Reuters photo of the day
Welcome to Canada
U.S. Vice President Joe Biden steps off his plane in a snow storm upon his arrival at the Ottawa International Airport. REUTERS/Chris Wattie
It's only acrobatic rock n' roll, but Putin's daughter likes it
Russia is building a $30 million complex for acrobatic rock'n'roll, a niche sport in which President Vladimir Putin's daughter is a leading dancer and has a senior role for development, a Reuters review of public documents has shown.
A wolf, a fighter, like a man
Wearing a camouflage cap over her headscarf, Miaad al-Jubbouri cuts an unusual figure among the hundreds of men fighting to retake a village from Islamic State in northern Iraq. The mother of five was the sole woman among a joint force of Iraqi army and tribal militias who attacked the village of Kanous on Wednesday - one of multiple fronts in a campaign to drive the insurgents from their remaining strongholds in Iraq. Reuters' Isabel Coles reports.
Who needs intelligence? Ask Donald Trump
President-elect Donald Trump is receiving an average of one presidential intelligence briefing a week, according to U.S. officials familiar with the matter, far fewer than most of his recent predecessors.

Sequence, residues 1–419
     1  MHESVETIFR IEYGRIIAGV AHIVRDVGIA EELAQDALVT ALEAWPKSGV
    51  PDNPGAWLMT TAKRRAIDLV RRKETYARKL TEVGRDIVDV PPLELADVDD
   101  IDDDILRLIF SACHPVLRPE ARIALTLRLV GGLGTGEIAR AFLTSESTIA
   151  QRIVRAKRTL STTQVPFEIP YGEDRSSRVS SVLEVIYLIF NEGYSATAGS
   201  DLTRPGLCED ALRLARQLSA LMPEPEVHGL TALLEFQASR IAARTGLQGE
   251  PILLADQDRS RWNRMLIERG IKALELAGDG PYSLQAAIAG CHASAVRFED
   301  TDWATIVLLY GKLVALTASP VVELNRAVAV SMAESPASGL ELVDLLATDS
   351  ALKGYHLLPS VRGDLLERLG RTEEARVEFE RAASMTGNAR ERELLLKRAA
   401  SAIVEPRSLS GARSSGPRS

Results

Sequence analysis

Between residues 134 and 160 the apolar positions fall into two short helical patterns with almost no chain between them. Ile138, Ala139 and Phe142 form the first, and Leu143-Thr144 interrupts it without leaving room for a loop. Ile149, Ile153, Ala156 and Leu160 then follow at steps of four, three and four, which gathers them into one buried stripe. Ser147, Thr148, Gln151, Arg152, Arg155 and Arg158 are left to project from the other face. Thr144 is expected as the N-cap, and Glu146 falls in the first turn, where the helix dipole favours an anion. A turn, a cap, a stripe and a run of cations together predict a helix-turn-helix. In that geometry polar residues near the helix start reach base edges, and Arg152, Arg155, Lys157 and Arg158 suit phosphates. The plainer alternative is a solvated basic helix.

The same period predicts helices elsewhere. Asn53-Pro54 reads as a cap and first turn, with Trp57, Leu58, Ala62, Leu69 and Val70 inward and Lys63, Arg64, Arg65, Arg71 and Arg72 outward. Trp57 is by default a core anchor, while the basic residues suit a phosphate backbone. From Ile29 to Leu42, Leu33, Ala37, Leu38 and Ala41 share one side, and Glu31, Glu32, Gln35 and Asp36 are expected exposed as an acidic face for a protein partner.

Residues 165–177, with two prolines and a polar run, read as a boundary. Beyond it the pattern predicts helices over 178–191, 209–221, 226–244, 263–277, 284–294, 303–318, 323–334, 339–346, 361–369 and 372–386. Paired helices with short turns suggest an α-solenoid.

The man who made India's rupees disappear
Reuters' Rupam Jain and Douglas Busvine profile Hasmukh Adhia and the tiny group of bureaucrats whom Prime Minister Narendra Modi trusted to come up with “demonitisation” – an awkward word for invalidating 86 percent of the country's cash to try to eliminate corruption and "black money."
Exclusive: Banks want to be subject to EU laws for five years in post-Brexit deal
Large banks in Britain want the UK government to allow their industry to remain subject to EU laws for up to five years after Brexit, a move likely to enrage euroskeptics who want to break away from the bloc's legal system as soon as possible. The banks are also pressing the government to allow the European Court of Justice to rule on decisions related to their businesses during that period, according to a document reviewed by Reuters.
Exclusive: Bangladesh panel finds insiders negligent in central bank heist
In his first detailed comments on the inquiry since a report was submitted to the government in May, former central bank governor Mohammed Farashuddin said the officials were low to mid-level and were not directly involved in the crime. "They were negligent, careless and indirect accomplices," he said in an interview. "The committee came to the conclusion that the heist was essentially committed by external elements."